The only real downside to all this was that the Mets offense didn't back him up the way they usually do. Wimpy Ted Lilly pretty much stifled the Mets through the early part of the game, only bending slightly when Harvey himself made a strong bid for his first career Home Run, instead just clanging the ball off the wall for a double. Ruben Tejada followed with a double of his own, scoring Harvey and, at that point, tying the game 1-1.
But down 3-1 and looking rather anemic offensively, things appeared somewhat grim for the Mets. That's not to say they didn't have opportunities against the Dodgers bullpen.
It took them until the 9th inning, but they finally managed to scrape that run across. Mike Baxter got it started with a flare hit to left that Carl Crawford neither caught nor managed to pick up in a timely fashion, allowing Baxter to hustle out a leadoff double that more or less changed the scope of the game. Tejada sacrificed Bax to 3rd, leaving Daniel Murphy in prime position to tie the game. And perhaps he would have, but for a brilliant catch by Jerry Hairston, Jr, who basically showed little regard for his body in smashing into a dugout railing. Buzzkill. That was going to seal the Mets fate. Except that David Wright nailed the game-tying hit on the next pitch. Game tied, Harvey off the hook, joy in Metville.
This, of course, all would have been moot had the Mets had one of those games where they immediately melt down in the 10th inning, but behind Bobby Parnell, who's pitched rather well even if he hasn't exactly had save opportunities, the Dodgers were turned aside (this after fine jobs from Scott Rice, Scott Atchison and the rejuvenated LaTroy Hawkins), so the Mets had a chance to do some damage of their own in the 10th against this Josh Wall fellow who I guess is the Dodgers answer to Kevin McGlinchy since he came in and immediately started giving up hits and walks and sacrifice bunts, and then Don Mattingly was holding court on the mound, but it was really delaying the inevitable. The only thing left to chance with Jordany Valdespin up was whether he was going to keep control of himself with the bases loaded, or was he going to try to hit the 6-run Homer and ground out to first. The answer, fortunately, was the former; Valdespin put a nice, level, controlled swing on a 2-1 fastball and, oddly enough, ended up being the Home Run Hero because his fly ball that would have won the game regardless ended up sailing over the wall in Right, ensuring that Jordany could back-flip his way around the bases with his first career Grand Slam, sealing a hair-raising 7-3 victory.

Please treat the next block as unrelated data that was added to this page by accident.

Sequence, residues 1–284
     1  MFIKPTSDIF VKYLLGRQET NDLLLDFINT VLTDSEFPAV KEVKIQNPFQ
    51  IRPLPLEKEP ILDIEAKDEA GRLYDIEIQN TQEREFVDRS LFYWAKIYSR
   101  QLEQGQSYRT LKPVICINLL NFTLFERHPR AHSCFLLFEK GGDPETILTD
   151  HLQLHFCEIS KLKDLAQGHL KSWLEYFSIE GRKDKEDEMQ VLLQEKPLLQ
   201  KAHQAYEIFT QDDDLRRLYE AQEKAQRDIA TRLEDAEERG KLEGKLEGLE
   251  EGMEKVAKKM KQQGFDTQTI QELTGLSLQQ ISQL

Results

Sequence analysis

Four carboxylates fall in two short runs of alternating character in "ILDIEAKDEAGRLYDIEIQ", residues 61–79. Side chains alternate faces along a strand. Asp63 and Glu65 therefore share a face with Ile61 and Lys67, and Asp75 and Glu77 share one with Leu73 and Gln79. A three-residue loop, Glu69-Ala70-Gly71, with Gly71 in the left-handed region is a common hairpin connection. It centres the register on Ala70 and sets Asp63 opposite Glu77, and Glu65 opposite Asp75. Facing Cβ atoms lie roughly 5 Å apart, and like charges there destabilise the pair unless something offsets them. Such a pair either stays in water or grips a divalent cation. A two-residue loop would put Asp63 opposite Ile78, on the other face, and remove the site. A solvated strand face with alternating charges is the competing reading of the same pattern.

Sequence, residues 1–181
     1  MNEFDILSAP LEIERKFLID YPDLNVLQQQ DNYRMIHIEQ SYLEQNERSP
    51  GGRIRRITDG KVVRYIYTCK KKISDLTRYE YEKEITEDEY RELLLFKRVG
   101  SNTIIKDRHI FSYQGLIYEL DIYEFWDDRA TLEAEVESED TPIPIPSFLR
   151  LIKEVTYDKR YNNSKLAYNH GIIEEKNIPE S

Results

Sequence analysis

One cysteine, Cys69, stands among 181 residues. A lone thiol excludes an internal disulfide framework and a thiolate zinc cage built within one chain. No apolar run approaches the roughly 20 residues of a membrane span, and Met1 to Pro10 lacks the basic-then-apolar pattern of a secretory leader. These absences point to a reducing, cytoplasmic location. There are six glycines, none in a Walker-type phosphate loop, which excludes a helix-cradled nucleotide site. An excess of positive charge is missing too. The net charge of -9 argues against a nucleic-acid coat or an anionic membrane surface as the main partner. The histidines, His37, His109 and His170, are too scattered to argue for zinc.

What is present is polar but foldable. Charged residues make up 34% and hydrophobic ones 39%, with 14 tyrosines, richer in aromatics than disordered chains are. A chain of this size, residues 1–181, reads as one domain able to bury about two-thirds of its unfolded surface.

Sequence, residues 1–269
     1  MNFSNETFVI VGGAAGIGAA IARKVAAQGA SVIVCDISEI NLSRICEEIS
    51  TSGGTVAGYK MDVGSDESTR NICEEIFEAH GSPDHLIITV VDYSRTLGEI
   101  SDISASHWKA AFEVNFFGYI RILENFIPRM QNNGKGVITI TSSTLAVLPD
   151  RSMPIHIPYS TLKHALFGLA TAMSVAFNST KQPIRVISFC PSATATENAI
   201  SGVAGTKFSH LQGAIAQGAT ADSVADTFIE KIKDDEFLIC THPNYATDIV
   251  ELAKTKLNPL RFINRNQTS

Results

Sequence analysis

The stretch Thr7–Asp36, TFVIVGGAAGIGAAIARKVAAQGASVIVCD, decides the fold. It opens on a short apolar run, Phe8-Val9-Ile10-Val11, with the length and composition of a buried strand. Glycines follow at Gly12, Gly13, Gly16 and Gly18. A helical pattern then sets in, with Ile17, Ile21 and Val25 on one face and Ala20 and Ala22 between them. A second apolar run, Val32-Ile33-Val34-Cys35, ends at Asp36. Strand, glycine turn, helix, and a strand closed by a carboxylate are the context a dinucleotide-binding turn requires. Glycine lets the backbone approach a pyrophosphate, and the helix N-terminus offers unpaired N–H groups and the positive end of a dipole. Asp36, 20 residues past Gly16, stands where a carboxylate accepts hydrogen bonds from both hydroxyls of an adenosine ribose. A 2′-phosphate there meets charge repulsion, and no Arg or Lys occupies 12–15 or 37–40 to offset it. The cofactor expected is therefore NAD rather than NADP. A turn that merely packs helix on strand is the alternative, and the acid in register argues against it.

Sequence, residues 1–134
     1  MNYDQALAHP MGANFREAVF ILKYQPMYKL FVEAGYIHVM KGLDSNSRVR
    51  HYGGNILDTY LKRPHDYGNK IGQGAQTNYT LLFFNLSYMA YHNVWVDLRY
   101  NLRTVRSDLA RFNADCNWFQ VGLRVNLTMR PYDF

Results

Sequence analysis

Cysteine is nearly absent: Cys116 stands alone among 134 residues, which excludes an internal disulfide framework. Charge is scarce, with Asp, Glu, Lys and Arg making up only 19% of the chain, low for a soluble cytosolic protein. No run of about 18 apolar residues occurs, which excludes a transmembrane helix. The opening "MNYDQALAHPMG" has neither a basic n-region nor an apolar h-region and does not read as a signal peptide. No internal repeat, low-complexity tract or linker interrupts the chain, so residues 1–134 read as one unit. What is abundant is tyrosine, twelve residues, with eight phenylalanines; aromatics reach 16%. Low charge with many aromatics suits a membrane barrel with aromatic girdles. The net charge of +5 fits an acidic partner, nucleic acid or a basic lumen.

So, yes, Matt Harvey has in fact proved himself to be human, just like every other pitcher in the Major Leagues, and sometimes he has to rely on his teammates to pull a game out of the fire for him. Tonight, his teammates, particularly Baxter, Wright and Valdespin, all had his back.